Anti-inflammatory treatment and risk of depression in 91,842 patients with acute coronary syndrome and 91,860 individuals without acute coronary syndrome in Denmark

Publikation: Bidrag til tidsskriftTidsskriftartikel

Background We examined if treatment with acetylsalicylic acid (ASA), non-steroid anti-inflammatory drugs (NSAID), or statins after acute coronary syndrome (ACS) are associated with decreased risk of depression. Method This register-based cohort study included all individuals with a first-time hospital admissions with an ACS diagnosis registered between January 2001 to December 2009 (N = 91,842) and a comparable reference population without ACS (N = 91,860). Information of ASA, NSAID, and statin use were retrieved from a national prescription register. The study population was followed for hospitalization with depression or receiving prescription of antidepressant medication for up to one year after ACS or study entry (early depression) or one to twelve years after ACS or study entry (late depression). Results ASA use after ACS was associated with decreased risk of early depression with hazard ratios (HR) of 0.89 (95% confidence interval 0.85–0.93) but not with late depression 0.96 (0.90–1.01). The corresponding HRs for statin were 0.90 (0.86–0.94) and 0.86 (0.82–0.90). In the non-ACS population, statin use was not associated with neither early nor late depression (HRs 1.04 (0.96–1.12) and 1.00 (0.95–1.06)), while ASA was associated with increased risk of late (HR 1.09 (1.04–1.14)) but not early depression (HR 1.03 (0.97–1.09)). In both populations, NSAID use was associated with increased risk of late but not early depression. Conclusion Use of ASA or statins were associated with decreased risk of depression in ACS patients but not in individuals without ACS, while use of NSAID was associated with increased risk of late depression in both populations.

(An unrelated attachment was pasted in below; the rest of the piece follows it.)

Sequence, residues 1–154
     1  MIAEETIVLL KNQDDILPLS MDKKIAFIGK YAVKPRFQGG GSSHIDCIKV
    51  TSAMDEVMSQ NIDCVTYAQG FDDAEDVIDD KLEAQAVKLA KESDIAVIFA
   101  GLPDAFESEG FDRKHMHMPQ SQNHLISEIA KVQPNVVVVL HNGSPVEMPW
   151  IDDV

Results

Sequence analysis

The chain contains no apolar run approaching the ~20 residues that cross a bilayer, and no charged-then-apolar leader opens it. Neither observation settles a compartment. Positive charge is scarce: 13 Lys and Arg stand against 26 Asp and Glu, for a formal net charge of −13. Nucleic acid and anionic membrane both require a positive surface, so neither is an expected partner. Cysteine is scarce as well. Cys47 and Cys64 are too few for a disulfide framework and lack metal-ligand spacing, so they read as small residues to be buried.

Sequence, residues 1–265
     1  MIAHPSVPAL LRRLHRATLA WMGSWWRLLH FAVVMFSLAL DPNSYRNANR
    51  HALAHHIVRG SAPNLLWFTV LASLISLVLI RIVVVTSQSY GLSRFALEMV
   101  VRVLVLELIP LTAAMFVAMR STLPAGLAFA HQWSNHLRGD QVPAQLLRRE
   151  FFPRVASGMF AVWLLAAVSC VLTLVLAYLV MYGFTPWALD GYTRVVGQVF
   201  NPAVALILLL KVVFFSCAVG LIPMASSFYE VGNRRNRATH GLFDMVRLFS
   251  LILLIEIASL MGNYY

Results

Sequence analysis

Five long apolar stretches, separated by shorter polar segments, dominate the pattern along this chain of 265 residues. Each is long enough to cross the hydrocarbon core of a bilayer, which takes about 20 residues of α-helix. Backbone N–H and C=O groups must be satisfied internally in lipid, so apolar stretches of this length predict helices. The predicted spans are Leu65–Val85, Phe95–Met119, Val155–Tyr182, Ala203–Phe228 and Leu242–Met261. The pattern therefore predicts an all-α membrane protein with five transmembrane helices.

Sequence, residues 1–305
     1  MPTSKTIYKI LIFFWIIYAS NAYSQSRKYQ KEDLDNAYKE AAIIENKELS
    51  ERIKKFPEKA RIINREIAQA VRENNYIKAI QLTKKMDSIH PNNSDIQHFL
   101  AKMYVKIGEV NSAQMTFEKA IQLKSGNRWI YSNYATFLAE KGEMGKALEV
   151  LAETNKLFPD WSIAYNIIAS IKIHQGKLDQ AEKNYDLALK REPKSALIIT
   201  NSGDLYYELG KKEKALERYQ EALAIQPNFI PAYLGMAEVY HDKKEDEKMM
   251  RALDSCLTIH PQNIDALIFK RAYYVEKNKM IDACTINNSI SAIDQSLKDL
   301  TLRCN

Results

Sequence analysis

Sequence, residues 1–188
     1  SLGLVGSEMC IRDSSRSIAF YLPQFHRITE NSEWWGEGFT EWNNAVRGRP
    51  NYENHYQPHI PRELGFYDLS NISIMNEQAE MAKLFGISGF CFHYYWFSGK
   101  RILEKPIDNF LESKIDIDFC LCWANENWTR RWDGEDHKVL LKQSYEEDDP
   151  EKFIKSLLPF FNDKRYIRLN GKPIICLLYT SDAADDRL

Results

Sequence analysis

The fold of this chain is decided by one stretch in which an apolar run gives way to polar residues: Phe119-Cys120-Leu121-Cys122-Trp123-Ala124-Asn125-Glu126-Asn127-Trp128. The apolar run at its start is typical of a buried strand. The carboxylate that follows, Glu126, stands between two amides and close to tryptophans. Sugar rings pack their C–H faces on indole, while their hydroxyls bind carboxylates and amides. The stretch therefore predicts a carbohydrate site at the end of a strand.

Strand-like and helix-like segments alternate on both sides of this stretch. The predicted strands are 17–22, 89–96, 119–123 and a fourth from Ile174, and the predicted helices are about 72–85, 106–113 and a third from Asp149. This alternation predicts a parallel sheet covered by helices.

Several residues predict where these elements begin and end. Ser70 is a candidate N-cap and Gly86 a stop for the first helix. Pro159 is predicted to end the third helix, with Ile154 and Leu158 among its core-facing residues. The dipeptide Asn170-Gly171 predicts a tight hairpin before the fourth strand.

OriginalsprogEngelsk
TidsskriftInternational Journal of Cardiology
Vol/bind246
Sider (fra-til)1-6
ISSN0167-5273
DOI
StatusUdgivet - 2017

ID: 188233863